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6.2: Basic principles

  • Page ID
    7815
  • The electrochemical series

    Different metals (and their compounds) have different affinities for electrons. When two dissimilar metals (or their compounds) are put in contact through an electrolyte, there is a tendency for electrons to pass from one material to another. The metal with the smaller affinity for electrons loses electrons to the material with the greater affinity, becoming positively charged. The metal with the greater affinity becomes negatively charged. A potential difference between the two electrodes is thus built up until it balances the tendency of the electron transfer between the metals. At this point the potential difference is the equilibrium potential: the potential at which the net flow of electrons is 0.

    The electrochemical series represents the quantitative expression of the varying affinity of materials relative to each other. In an aqueous electrolyte the standard electrode potential for an electrode reaction is expressed with respect to a reference electrode. Conventionally this is the H2/H+ cell, with reaction:

    \[\mathrm{H}^{+}+\mathrm{e} \leftrightarrow 1 / 2 \mathrm{H}_{2}\]

    Reaction Eo (V)
    Li+ + e → Li
    -3.10
    Na+ + e → Na
    -2.71
    Mg2+ + 2e → Mg
    -2.36
    ½H2 + e → H
    -2.25
    Mn2+ + 2e → Mn
    -1.18
    MnO2 + 2H2O + 4e → Mn + 4OH
    -0.98
    2H2O + 2e → H2 + 2OH
    -0.83
    Cd(OH)2 + 2e → Cd + 2OH
    -0.82
    Zn2+ + 2e → Zn
    -0.76
    Ni(OH)2 + 2e → Ni + 2OH
    -0.72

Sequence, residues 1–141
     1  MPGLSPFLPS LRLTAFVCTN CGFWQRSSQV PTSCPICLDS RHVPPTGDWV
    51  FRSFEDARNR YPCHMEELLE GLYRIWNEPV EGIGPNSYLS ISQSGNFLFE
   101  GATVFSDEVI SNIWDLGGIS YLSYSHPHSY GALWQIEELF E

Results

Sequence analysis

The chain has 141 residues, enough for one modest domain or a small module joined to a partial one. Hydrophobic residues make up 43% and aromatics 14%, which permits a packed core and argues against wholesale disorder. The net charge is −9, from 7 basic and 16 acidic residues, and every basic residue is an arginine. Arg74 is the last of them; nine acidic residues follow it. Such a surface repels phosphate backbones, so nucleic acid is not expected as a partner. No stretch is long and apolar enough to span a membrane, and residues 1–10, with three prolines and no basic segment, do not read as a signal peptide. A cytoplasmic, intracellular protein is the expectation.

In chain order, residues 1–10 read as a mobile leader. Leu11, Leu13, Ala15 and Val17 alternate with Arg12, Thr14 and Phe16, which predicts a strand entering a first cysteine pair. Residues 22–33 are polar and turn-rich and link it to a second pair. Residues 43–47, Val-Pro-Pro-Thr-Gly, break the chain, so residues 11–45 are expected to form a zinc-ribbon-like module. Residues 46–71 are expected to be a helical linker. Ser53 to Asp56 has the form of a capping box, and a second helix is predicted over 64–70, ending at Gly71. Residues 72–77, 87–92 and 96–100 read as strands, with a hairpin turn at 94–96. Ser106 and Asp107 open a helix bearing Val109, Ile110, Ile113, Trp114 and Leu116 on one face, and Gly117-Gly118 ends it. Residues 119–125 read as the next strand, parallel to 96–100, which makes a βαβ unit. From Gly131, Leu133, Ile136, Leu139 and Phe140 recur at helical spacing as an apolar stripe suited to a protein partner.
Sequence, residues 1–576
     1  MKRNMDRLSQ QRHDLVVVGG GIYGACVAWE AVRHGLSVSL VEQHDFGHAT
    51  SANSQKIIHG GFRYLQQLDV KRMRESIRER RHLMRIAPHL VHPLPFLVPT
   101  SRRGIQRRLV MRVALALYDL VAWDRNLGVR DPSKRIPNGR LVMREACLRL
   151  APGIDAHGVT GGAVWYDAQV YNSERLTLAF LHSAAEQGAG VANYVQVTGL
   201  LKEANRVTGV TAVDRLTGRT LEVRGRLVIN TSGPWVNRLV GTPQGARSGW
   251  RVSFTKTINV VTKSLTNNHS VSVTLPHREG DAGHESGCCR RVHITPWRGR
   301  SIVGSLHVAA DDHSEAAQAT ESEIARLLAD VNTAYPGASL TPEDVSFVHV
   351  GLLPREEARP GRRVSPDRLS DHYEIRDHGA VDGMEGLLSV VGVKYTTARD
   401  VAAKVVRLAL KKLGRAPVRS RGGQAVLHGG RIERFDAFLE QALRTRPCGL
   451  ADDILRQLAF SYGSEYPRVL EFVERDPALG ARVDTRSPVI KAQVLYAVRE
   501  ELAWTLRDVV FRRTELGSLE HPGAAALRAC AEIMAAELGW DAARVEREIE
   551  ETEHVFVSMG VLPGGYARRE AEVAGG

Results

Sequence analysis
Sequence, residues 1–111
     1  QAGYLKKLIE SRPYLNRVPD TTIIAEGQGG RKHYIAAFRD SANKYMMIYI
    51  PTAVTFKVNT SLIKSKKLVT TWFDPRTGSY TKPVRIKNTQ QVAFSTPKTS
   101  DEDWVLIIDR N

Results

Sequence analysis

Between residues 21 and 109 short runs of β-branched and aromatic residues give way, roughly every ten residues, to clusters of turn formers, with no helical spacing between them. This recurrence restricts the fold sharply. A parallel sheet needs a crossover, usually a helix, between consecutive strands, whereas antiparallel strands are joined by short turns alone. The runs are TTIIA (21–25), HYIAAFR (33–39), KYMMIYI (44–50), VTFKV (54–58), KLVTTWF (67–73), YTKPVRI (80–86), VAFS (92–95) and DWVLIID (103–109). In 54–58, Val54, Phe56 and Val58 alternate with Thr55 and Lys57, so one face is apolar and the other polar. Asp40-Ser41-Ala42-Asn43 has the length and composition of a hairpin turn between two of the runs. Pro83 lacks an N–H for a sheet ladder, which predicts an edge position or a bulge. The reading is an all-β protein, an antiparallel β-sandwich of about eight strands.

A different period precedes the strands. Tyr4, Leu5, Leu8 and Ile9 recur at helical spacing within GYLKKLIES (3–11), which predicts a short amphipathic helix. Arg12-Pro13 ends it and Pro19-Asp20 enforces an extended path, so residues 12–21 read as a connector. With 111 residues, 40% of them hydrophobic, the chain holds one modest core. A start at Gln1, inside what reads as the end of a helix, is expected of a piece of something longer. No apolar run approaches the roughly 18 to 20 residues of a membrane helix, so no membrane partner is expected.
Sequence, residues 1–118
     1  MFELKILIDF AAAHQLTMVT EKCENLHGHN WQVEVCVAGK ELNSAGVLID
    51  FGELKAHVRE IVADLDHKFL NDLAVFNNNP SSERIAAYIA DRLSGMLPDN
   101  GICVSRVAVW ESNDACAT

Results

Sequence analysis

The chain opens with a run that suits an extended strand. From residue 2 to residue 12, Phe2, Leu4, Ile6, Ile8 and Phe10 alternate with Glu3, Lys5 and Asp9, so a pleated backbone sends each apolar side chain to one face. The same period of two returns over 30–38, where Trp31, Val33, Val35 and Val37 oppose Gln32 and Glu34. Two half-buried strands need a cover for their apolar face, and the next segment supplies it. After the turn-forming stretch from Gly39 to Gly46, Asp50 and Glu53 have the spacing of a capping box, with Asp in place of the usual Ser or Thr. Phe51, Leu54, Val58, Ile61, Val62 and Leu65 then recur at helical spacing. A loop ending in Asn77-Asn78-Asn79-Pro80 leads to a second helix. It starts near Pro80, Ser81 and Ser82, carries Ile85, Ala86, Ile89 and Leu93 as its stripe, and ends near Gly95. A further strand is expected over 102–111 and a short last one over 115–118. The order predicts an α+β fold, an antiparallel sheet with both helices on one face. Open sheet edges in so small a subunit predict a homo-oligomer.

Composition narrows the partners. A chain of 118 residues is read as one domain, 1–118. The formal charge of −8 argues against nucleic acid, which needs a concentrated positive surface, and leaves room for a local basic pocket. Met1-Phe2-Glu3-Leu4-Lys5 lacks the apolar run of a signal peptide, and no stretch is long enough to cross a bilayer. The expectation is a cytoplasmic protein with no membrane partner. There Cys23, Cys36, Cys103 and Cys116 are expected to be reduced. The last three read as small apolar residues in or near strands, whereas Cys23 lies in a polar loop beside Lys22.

Fe2+ + 2e → Fe
    -0.44
    Cd2+ + 2e → Cd
    -0.40
    PbSO4 + 2e → Pb + SO42–
    -0.35
    Ni2+ + 2e→ Ni
    -0.26
    MnO2 + 2H2O + 4e → Mn(OH)2 + 2OH
    -0.05
    2H+ + 2e → H2
    0.00
    Cu2+ + e → Cu+
    +0.16
    Ag2O + H2O + 2e → 2Ag + 2OH
    +0.34
    Cu2+ + 2e → Cu
    +0.34
    O2 + 2H2O + 4e → 4OH
    +0.40
    2NiOOH + 2H2O + 2e → 2Ni(OH)2 + 2OH
    +0.48
    NiO2 + 2H2O + 2e → Ni(OH)2 + 2OH
    +0.49
    MnO42– + 2H2O + 2e → MnO2 + 4OH
    +0.62
    2AgO + H2O + 2e → Ag2O + 2OH
    +0.64
    Fe3+ + e → Fe2+
    +0.77
    Hg2+ + 2e → Hg
    +0.80
    Ag+ + e → Ag
    +0.80
    2Hg2+ + 2e → Hg+
    +0.91
    O2 + 4H+ + 4e → 2H2O
    +1.23
    ZnO + H2O + 2e → Zn + 2OH
    +1.26
    Cl2 + 2e → 2Cl
    +1.36
    PbO2 + 4H+ + 2e → Pb2+ + 2H2O
    +1.47
    PbO2 + SO42– + 4H+ + 2e → PbSO4 + 2H2O
    +1.70
    F2 + 2e → 2F
    +2.87

    Cells using aqueous electrolytes are limited to under 2 V as water is decomposed at higher voltages. Thus Li batteries available in the 2.7 to 4 V use non-aqueous electrolyte. Typical non-aqueous electrolytes have higher impedance unless used as very thin films, eg lithium polymer battery or at higher temperatures.

    For more information on this, click here.

    What is a battery?

    A battery is an electrochemical cell that converts chemical energy into electrical energy. It comprises of two electrodes: an anode (the positive electrode) and a cathode (the negative electrode), with an electrolyte between them. At each electrode a half-cell electrochemical reaction takes place, as illustrated by the animation below.

    Discharge